Fortunately modern leadership trends tend more toward women's collaborative in nature. Chin noted that their collaborative skills are "increasingly central to views of effective leadership." A variety of contemporary leadership theories, she contended, could help to mitigate unintentional discrimination, including:
• Contingency or situational leadership theory is based upon the idea that various situations require different types of leadership;
• Shared leadership and empowerment; and
• Transformational leadership that is more value driven, ethics based and social change oriented leadership.

Appropriate leadership development can help women progress into leadership positions and be successful when they reach them. Robyn Ely, Herminia Ibarra and Deborah Kolb wrote in, "Taking Gender Into Account: Theory and Design for Women's Leadership Development Programs," that women's career trajectories were not on par with the men's among graduates of top business schools. Females' advancement in their careers has even slowed in recent years, they wrote. So the group set out to design training programs that don't merely "fix the women" so they can play the men's game, but also provide women the tools to do the "identity work" to become true leaders. Developing a leader identity involves internalizing the leader identity and developing an elevated sense of purpose for the work your organization is doing.

Women naturally seek to be authentic, which may not align with what is necessary to become leaders. Women prefer substantive careers and that can run counter to becoming the professional they can be. Ely and her associates recommended investing time and effort into strong 360-degree feedback and coaching to help women executives see how they are viewed by their bosses, colleagues and subordinates. Ely reported that many who had gone through this process were shocked at how low they were ranked by executives. After letting that settle, then the women are advised on how to improve their performance or better promote the work they really are performing.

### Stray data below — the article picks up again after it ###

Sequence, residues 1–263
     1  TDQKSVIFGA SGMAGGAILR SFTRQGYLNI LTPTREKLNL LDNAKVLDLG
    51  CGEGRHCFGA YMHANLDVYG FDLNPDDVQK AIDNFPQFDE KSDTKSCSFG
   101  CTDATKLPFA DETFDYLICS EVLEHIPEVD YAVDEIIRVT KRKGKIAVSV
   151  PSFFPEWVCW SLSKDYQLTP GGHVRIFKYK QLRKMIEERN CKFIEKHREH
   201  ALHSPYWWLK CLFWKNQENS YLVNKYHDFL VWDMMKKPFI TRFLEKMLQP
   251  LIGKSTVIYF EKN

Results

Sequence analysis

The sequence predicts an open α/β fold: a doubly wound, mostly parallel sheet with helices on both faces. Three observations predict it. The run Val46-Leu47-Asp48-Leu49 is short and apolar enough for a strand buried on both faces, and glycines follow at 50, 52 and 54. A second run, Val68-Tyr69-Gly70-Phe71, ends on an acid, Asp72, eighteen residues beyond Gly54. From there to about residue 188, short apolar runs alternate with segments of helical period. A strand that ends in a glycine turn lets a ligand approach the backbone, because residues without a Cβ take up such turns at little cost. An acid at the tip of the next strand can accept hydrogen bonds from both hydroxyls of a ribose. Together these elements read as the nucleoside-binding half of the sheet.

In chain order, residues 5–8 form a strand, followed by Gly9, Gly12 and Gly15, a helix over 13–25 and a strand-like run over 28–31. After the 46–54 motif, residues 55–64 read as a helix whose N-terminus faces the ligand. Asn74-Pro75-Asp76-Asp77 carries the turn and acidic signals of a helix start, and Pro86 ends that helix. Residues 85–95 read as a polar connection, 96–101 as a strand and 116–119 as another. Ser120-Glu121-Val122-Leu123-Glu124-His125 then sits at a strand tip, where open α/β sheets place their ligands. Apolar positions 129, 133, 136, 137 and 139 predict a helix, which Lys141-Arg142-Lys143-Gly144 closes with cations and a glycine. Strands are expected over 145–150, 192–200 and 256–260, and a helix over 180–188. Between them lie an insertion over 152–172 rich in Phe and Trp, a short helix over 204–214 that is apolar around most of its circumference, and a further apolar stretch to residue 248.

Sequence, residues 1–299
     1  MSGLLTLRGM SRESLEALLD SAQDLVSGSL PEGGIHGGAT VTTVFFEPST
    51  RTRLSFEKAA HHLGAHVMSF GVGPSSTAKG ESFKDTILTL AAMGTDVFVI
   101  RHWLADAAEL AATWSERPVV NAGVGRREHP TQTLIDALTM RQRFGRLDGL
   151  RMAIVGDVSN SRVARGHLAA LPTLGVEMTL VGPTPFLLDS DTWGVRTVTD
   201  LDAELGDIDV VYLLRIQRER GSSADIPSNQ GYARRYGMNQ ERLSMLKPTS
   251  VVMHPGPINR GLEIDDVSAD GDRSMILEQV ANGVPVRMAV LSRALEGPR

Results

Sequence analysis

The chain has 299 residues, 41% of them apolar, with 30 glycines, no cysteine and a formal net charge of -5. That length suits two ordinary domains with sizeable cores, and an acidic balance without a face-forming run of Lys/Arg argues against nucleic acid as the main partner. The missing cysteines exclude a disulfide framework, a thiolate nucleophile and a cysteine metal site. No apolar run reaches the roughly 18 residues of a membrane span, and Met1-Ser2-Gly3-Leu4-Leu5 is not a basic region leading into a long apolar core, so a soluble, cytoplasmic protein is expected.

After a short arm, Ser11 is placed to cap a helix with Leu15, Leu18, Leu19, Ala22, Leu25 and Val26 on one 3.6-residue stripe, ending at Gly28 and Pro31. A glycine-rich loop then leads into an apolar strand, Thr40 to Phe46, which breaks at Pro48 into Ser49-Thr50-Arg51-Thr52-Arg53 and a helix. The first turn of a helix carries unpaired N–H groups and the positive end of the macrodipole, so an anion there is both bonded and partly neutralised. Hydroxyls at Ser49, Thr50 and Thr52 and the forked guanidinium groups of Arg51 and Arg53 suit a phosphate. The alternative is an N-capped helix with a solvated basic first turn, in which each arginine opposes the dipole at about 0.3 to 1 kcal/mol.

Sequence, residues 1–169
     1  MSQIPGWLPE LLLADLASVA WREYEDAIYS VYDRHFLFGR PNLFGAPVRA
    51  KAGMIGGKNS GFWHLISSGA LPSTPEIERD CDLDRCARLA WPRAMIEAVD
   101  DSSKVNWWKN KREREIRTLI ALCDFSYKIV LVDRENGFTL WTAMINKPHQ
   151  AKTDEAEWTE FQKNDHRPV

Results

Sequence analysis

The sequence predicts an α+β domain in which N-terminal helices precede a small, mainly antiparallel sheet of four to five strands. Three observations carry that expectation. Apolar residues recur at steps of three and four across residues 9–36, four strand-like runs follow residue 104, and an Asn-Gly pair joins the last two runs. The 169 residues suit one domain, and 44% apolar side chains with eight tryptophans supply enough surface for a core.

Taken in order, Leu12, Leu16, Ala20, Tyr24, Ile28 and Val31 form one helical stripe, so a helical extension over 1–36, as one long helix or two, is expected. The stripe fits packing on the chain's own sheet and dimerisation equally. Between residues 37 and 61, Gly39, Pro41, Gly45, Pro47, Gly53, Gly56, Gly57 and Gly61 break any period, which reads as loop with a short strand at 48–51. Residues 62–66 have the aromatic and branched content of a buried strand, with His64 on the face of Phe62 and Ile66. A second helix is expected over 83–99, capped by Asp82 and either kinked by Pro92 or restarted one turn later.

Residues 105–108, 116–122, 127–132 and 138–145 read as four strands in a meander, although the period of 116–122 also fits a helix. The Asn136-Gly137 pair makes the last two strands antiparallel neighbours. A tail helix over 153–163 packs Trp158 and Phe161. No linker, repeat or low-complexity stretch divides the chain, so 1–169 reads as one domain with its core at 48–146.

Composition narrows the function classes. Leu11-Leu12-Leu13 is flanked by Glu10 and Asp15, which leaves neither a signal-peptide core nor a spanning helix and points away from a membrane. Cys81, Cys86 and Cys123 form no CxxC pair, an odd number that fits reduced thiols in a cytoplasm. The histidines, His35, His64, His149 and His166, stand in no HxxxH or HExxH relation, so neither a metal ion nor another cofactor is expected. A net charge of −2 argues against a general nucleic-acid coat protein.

What do you think? Are you willing to submit to this type of review, or is it just crazy?

 

 

By Sarah Snell Cooke
Publisher/Editor-in-Chief
Credit Union Times

 

Tags
Challenges Facing Women in Leadership Positions, Impact of Women in Society, Member Discussions

Lean In: Controversial or Conclusive?

| 2 Comments |

As female leaders in the corporate world, I'm sure Sheryl Sandberg's new book, Lean In, has caught your attention. Whether or not you agree with it, this book by the female COO of Facebook is receiving a great deal of hype and is certainly relevant to our Network's goals.